Vertex creates new possibilities in medicine. Our team discovers, develops and commercializes innovative therapies so people with serious diseases can lead better lives.

Vertex scientists and our collaborators are working on new medicines to cure or significantly advance the treatment of hepatitis C, cystic fibrosis, rheumatoid arthritis, epilepsy and other life-threatening diseases.

Founded more than 20 years ago in Cambridge, MA, we now have ongoing worldwide research programs and sites in the U.S., U.K. and Canada. Today, Vertex has more than 2,000 employees around the world, and Science magazine named Vertex number one on its 2011 list of Top Employers in the life sciences.

Vertex's press releases are available at

About Vertex in Canada

In 2009, Vertex established a research and development site in Laval, Quebec through the acquisition of Virochem Pharma, Inc. Vertex employs approximately 50 researchers and support staff in Laval. For more information on Vertex, including career opportunities with Vertex Canada, and to view Vertex's press releases, please visit the company's corporate website at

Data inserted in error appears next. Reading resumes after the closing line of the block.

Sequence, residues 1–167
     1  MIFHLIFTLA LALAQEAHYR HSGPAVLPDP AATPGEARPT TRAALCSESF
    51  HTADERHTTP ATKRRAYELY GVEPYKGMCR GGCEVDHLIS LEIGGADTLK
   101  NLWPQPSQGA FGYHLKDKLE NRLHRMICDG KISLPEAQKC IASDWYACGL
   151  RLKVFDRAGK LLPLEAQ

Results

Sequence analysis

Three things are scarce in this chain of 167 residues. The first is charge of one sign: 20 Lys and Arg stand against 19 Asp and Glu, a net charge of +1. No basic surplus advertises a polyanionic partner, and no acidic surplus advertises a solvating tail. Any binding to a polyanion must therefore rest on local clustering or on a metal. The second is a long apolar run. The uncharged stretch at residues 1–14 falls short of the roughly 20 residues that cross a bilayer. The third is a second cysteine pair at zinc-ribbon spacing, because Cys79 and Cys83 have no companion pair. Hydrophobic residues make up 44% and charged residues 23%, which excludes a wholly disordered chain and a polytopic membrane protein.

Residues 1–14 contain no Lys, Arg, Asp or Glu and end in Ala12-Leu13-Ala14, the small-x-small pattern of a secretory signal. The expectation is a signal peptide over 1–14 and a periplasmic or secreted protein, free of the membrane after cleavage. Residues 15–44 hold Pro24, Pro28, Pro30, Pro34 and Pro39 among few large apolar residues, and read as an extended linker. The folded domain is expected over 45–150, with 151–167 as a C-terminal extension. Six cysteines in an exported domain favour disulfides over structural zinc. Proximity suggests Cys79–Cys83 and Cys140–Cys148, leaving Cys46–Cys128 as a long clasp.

1Canadian Liver Foundation. Viral Hepatitis: What You Need to Know. Available at: Accessed April 20, 2012.

2 Pearlman BL and Traub N. Sustained Virologic Response to Antiviral Therapy for Chronic Hepatitis C Virus Infection: A Cure and So Much More. Clin Infect Dis. 2011 Apr;52(7):889-900.

3 Manns MP, McHutchison JG, Gordon SC, et al. Peginterferon alfa-2b plus ribavirin compared with interferon alfa-2b plus ribavirin for initial treatment of chronic hepatitis C: a randomised trial. Lancet. 2001;358:958-965.